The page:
Are you preparing to launch your new learning management system (LMS) in your organization? If so, read on to learn how to make the most of this exciting opportunity. Of course, the best way to launch your LMS will depend on your specific circumstances.

However, below are some universal tips that will help make the process as smooth and productive as possible and will help reduce costly mistakes down the line.

1. Define Your Objectives

Before you can successfully launch a new LMS, you’ll need to define the objectives of the system and determine how it will benefit the business and its people.

First, what is the purpose of this LMS? Will it be used for training purposes only, or will it also be used for digital transformation, content creation and distribution, and so on? Knowing the answer to this question will help you decide which features should be considered a priority.

Second, what does success look like for the company after launching an LMS? What metrics would show that employees have successfully adopted and used this tool?

2. Create a Timeline

There are a few distinct steps to take when launching a new LMS, and it’s important that you have a defined timeline to stay on track.

To do this, follow these three steps:

  1. Create a project timeline.
  2. Set priorities for each task.
  3. Find any dependencies for the tasks.

Once you have each task broken down, add them all into your timeline. You may also consider using a project management tool to stay organized and on track. This way, you can track which tasks need to be done and when, which will help ensure that nothing slips through the cracks.

3. Get Buy-in From Key Stakeholders

Getting buy-in from key stakeholders for a new LMS can be a challenge. The best way to do this? Be prepared!

Think about what you will say in advance, aim to answer any questions they might have, and show them the benefits of investing in your idea.

Start by meeting with key stakeholders one on one, getting their input on the project, and gathering their thoughts. Then meet with them as a group and present the plan for the program or system.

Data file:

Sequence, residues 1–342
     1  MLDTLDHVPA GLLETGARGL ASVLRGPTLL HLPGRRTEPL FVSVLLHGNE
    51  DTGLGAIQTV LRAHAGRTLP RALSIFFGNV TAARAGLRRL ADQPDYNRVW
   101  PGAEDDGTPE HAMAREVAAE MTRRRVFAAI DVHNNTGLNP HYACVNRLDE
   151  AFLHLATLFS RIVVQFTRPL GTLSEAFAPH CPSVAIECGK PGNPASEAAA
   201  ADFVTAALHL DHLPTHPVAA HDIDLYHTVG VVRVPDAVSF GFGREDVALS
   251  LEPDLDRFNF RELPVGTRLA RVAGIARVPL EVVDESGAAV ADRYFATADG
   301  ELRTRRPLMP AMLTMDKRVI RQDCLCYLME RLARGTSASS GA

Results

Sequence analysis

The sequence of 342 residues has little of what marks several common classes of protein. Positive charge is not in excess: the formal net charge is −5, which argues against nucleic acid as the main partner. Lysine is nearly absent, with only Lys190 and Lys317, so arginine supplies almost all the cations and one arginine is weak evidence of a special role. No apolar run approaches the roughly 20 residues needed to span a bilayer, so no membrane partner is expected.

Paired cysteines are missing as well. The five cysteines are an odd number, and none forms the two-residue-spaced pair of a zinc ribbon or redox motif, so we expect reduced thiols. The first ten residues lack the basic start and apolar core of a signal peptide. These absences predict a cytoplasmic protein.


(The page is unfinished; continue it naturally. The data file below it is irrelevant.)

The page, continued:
Make sure they know what they’re getting into before they sign off on it: If they don’t want to be involved in the LMS’ deployment, that’s okay, but let them know how it will affect the company as a whole, so there are no surprises down the road when you need their support again.

4. Train Your Team

It’s critical to train learners on how to use a new LMS before launching it, but doing so can be daunting. Follow these five steps to get started:

  1. Prepare an introductory video for everyone in the company so they understand the goals of the LMS.
  2. Send an email with links to training videos and other resources that will help people use their time wisely on learning tasks.
  3. Deliver in-person training sessions at various times during the day so people can attend when it works best for them.
  4. Ask employees what’s been working well for them and encourage them to share their ideas with others.
  5. Encourage employees to share any feedback they have on the system with management, even if it’s negative feedback or constructive criticism.

5. Communicate, Communicate, Communicate

Communicating about a new LMS’s launch can be difficult, but it’s important not to keep any information from employees.

Make sure you communicate:

  • The launch date.
  • What the system will do.
  • What it won’t do.
  • What’s in it for them and how they will benefit.
  • How they’ll know if they need to use it.
  • How they’ll sign up for training.

Communication is key when launching a new system. Not only will it help you with any initial questions or concerns, but it will also help you gauge how well employees understand and accept the change.

6. Launch and Monitor

Some things to consider once the launch has happened and you move into the monitoring stage: Launch and monitor the system until it’s running smoothly; figure out what new or other content needs to be added or changed for the system to work as intended; add that content; monitor engagement and uptake, then make changes when necessary.

Launching and monitoring a new LMS can seem like a daunting task. By following these steps and keeping a close eye on the system, the process will run smoothly.

How To Decide Which LMS Is Right For You

When deciding which LMS is best for you, it’s helpful to consider these four factors:

  • Cost.
  • Ease of use.
  • Functionality.
  • Vendor support.

Once you have a shortlist of vendors, it’s worth checking out the free LMS trial period offered by each vendor that you’re interested in so that you can see if the platform has all the features and functionality that you need, and if it is easy enough for your employees to navigate and learn from.

Keep the Conversation Going

Encouraging an open exchange will help you improve the user experience with your LMS for future employees and even reduce turnover as a result.